Pope Francis’s visit to the USA in late September has come and gone amid great crowds and remarkable media adulation. The now common wondering will continue for some time: “It was great, but what difference will it make? Will it change anything in society? On Capitol Hill? In the Roman Catholic Church?”
En route home, Francis himself sought to moderate people’s expectations with a reflection on how anyone’s ability to make an impact on the world is transitory and that he is trying only to do what he can in the window of time available to him.
Missiologically interesting is the motto chosen by the United States Conference of Catholic Bishops (USCCB) for the papal visit to the USA: “Love Is Our Mission.” This appeared (and continues to appear) on the website for the visit alongside an appealing sketch of Francis lifting his hand in blessing over an urban landscape with the explanatory wording: “Pope Francis 2015 / United States of America.”*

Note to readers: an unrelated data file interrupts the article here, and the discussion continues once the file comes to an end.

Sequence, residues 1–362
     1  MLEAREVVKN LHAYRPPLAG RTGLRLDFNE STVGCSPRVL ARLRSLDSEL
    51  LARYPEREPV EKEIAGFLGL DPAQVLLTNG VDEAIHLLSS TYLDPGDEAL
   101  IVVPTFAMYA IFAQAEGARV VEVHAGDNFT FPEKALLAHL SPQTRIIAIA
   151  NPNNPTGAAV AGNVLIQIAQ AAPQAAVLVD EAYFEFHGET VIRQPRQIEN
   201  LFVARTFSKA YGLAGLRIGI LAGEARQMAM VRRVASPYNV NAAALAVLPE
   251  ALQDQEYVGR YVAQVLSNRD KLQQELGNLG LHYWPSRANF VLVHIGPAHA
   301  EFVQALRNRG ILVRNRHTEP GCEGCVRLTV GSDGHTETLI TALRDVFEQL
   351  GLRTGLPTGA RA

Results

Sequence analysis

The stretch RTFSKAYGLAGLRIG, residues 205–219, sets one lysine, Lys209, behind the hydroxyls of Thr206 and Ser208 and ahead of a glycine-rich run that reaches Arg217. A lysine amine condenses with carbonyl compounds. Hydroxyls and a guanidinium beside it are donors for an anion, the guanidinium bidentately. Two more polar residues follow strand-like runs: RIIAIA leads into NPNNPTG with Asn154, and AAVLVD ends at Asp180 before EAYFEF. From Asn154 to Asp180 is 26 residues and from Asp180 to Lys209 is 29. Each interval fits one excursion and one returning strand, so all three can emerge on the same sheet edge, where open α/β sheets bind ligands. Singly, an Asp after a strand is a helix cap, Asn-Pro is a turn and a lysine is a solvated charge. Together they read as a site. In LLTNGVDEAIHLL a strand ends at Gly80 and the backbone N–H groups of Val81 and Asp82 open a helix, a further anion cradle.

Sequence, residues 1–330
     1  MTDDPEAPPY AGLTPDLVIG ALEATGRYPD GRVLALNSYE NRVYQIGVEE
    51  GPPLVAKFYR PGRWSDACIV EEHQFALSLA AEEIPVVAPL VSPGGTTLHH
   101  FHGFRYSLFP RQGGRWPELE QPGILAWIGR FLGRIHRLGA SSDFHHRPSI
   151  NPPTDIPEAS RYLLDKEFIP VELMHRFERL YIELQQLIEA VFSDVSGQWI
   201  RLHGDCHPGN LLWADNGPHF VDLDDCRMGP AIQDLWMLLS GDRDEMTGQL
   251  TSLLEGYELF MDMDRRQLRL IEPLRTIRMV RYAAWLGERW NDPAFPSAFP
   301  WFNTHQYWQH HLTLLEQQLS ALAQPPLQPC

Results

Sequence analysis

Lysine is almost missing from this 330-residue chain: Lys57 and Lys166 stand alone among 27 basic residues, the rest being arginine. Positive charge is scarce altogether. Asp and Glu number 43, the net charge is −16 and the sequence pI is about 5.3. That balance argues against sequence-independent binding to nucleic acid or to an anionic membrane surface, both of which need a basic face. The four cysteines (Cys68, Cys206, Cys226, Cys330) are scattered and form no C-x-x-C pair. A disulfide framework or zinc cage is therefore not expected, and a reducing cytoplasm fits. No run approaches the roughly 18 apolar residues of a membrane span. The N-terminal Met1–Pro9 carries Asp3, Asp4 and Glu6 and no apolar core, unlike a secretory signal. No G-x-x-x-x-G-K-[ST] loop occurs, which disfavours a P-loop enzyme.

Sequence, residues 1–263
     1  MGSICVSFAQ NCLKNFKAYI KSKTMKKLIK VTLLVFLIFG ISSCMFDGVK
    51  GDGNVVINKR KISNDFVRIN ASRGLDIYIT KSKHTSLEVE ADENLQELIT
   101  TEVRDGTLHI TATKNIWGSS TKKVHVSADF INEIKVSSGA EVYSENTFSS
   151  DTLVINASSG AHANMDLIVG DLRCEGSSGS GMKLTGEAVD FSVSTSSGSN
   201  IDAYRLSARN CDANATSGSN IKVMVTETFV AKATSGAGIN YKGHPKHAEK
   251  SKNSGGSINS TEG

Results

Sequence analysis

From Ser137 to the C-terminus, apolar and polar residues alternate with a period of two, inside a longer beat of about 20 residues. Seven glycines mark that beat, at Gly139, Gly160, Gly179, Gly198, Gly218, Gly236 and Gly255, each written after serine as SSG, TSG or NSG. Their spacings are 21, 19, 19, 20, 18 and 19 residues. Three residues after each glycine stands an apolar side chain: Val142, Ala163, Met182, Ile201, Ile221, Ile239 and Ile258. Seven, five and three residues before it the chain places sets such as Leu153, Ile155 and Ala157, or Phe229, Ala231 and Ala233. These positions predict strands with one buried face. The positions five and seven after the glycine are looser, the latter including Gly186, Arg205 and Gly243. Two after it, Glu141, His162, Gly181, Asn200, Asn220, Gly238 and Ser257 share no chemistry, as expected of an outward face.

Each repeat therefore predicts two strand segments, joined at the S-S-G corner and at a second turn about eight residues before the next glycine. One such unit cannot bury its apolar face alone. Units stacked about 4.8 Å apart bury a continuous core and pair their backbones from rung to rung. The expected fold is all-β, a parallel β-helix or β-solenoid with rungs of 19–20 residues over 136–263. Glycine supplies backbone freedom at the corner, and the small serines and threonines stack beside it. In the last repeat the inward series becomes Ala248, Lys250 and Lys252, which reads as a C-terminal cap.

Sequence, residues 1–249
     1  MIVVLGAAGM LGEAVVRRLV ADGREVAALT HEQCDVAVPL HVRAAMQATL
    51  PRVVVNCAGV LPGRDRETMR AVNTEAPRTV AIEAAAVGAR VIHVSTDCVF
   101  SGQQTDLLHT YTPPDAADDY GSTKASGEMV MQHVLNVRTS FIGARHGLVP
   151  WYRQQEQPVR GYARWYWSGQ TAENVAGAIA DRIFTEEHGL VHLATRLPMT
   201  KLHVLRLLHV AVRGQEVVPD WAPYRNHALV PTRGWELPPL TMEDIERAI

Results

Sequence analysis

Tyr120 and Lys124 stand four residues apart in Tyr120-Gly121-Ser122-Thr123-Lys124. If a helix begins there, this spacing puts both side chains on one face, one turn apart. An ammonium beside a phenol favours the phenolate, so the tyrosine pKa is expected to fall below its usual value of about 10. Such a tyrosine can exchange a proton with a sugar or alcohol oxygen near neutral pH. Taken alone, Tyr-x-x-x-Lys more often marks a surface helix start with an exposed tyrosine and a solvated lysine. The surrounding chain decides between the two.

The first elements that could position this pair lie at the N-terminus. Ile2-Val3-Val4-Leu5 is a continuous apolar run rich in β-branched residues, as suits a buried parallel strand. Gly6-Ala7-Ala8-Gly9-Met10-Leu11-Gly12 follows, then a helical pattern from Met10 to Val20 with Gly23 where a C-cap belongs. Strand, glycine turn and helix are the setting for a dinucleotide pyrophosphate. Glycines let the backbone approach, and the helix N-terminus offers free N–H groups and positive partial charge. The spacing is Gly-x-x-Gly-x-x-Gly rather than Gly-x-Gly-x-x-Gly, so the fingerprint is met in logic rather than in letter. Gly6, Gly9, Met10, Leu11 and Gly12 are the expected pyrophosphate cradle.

“Love Is Our Mission.” Not: “Our Mission Is Love.” Beginning with the word “mission” might have put the emphasis on the wrong syl-la’-ble, as it were, making the concept of mission prior to the reality of love, rather than the other way around. In effect, the USCCB is saying on the pope’s behalf, “The first reality is the love that God has for the whole human community. Whoever we are and whatever we do, God’s longing is for the love of God to be revealed to and known by the whole human family.” Read More…